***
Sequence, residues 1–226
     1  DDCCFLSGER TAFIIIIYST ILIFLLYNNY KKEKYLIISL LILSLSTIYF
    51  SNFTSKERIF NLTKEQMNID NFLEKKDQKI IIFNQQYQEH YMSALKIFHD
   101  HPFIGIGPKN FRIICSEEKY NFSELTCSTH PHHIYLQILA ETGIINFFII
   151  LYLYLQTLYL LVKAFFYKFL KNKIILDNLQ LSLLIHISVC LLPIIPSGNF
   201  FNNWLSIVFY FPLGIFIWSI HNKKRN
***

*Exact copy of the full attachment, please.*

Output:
Sequence, residues 1–226
     1  DDCCFLSGER TAFIIIIYST ILIFLLYNNY KKEKYLIISL LILSLSTIYF
    51  SNFTSKERIF NLTKEQMNID NFLEKKDQKI IIFNQQYQEH YMSALKIFHD
   101  HPFIGIGPKN FRIICSEEKY NFSELTCSTH PHHIYLQILA ETGIINFFII
   151  LYLYLQTLYL LVKAFFYKFL KNKIILDNLQ LSLLIHISVC LLPIIPSGNF
   201  FNNWLSIVFY FPLGIFIWSI HNKKRN